3) Vacations were always exciting. Particularly if we flew anywhere. (Which was often.) The amount of snacks we smuggled on to flights was insane. We still had to abide by the 2 luggage per person rule, but we kind of took that for granted… sometimes… most of the time? I remember tupperware jugs of chex mix, crackers and whatnot. On that note – hypoglycemia and flying didn’t mix well with me. Particularly if the airplane food was bad (see above story). Those kids that you often roll your eyes at for the incessant crying and whining. That was me. But I had good reason. Right?

4) Negotiating with restaurants always seemed to be a favorite past-time of my parents. My mom usually kept Ketone strips in her purse. Not for testing for Ketones on the go. But for testing sodas to make sure the restaurant gave me diet. I remember one time, my mom somehow deduced that this fast food restaurant had the lines for the diet coke and regular coke switched because my Ketone strip was coming out bright ass blue. (And it tasted funny.) So rather than asking for a refund for the soda I couldn’t drink, my parents asked that the lines be switched so the correct soda could be distributed. Mmkay.

5) My parents just made shit happen. Didn’t matter what it cost. Where they had to drive. How many doctors they had to call and fight with. My mom knew I didn’t fit the textbook definition of a T1 and probably would have thrown my sugar free jello at the nurses in the hospital if she were that type of person. Their daughter was special and they were going to put everything on hold financially to make sure I was healthy. They were the first to handle the stares, the rude questions, the inquiries, and the fanny pack full of D-supplies.

We say in the DOC that you are the only person that knows your D intimately. D-parents need to know it well too, especially with a young diagnosis. To this day, I still consult with my mom on the phone when my docs can’t give me straight answers. (My dad usually just listens to me whine… but he’s good at that.)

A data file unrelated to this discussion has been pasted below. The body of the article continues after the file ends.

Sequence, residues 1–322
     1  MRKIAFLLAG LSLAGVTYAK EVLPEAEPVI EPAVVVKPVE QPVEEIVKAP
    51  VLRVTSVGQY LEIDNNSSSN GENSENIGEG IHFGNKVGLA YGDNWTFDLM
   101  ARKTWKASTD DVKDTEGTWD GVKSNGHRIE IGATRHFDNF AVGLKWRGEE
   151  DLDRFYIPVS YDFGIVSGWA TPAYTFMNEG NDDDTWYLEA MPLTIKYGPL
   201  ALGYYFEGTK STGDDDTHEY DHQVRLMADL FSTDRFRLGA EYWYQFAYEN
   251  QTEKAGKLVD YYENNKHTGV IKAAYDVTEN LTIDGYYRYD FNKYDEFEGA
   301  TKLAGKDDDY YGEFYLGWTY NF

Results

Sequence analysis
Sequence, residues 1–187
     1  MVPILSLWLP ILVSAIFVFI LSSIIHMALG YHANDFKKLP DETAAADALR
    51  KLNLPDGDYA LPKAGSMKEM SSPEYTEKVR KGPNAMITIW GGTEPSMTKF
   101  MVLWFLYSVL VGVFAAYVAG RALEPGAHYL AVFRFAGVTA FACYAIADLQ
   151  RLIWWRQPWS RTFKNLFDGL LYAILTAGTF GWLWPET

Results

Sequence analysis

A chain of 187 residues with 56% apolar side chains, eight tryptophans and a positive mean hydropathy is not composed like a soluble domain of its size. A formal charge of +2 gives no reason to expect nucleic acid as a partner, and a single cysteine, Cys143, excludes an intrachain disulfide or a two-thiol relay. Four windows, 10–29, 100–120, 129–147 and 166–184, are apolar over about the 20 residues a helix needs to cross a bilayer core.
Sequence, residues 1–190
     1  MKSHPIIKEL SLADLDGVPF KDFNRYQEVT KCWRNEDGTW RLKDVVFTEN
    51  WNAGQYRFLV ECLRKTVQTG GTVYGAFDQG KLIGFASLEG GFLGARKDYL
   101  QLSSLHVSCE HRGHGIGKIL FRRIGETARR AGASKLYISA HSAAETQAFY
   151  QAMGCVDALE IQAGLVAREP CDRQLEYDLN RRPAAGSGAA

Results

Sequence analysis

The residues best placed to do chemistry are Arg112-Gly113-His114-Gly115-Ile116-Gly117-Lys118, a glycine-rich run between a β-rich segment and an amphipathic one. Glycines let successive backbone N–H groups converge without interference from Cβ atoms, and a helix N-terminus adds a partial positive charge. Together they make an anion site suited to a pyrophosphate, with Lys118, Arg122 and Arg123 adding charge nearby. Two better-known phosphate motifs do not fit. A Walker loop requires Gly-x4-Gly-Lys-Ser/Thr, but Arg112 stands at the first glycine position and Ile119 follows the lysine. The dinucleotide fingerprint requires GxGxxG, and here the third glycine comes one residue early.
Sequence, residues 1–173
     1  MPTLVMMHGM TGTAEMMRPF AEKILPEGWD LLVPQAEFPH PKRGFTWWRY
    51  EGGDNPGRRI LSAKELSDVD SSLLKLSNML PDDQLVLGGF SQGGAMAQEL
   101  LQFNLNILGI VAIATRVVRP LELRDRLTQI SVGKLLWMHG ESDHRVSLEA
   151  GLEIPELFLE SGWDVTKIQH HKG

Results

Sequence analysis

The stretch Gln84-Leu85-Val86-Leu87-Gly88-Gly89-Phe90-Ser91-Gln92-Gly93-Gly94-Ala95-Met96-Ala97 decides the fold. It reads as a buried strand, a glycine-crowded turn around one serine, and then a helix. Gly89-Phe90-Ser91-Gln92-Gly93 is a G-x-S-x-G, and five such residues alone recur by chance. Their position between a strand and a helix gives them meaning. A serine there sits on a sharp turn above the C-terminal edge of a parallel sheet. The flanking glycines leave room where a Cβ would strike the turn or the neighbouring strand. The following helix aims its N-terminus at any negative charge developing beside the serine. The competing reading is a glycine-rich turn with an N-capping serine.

So this Friday, I honor D-parents. While you may not think your D-kids are remembering what you do… they are.

More Tests? But This One Is Fun #bigbluetest

I made a list of advocacy and awareness projects yesterday for Awareness month… but I forgot a BIG one that all PWDs can take part in.

It’s the Big Blue Test!

bbt-logo

 

It’s super easy.

Test your blood sugar before you exercise.

Do about 14-20 minutes of activity. Run around the block. Take a walk around the mall. Dance to a couple songs on the radio in your living room. Whatever.

Test again and record the results with Big Blue. Each test recorded will send off supplies to another PWD that doesn’t have easy access to care, both nationally and internationally.

Pretty awesome. Pretty easy.

Get moving!

Happy Blue November!

Is it really? Okay.

WDD is on the 14th, so most of the DOC is participating in some sort of Awareness prompt. I’ve been a little bit behind the times and trends as of late and didn’t really pick a project for National Diabetes Awareness Month/American Diabetes Month. (Actually, that’s not exactly accurate – I did sign up for the Postcard Project and never got contacted… which made me sad.)

So if you are looking for something to do, there are a few options.

– There is a 30 day Photo a Day challenge for diabetes, which many are taking part in. The list can be found over at sixuntilme.com. I’ve done a Project 365 before, and photo-a-days can be super fun. But I’m already behind because I was out of town last weekend, dancing up a storm as usual, and also fighting a nasty start of a cold. So – you might get a photo of the week from me.

– Christel over at theperfectd is putting together a daily “diabetes for dummies everyone else” post, detailing a characteristic, quirk, trademark, or whathaveyou of diabetes. The information is presented in small, easy to digest, sugar free posts. If you are one of my Type 3 followers (i.e. someone who is very close to me but has a functioning pancreas), I suggest marching over to her blog each day and checking it out.

– 30 Days of Facebook. You can “donate your Facebook status” to the JDRF. Or essentially, post one Diabetes related factoid to your Facebook status each day. Awareness is awareness. WTPrincessDiaries actually pre-planned her statuses, designed them into Instagrammable-awesomeness, and is posting them daily on her blog at 11:14 am all month. Super cute stuff there.

JDRF T1D for a Day Challenge. Great for my Type 3s to look into. Basically, you sign up for a day of text messages from the JDRF – not to sell you something or ask you to donate – but to put you in my shoes.

Are you participating in another project that I haven’t seen yet? Let me know. 🙂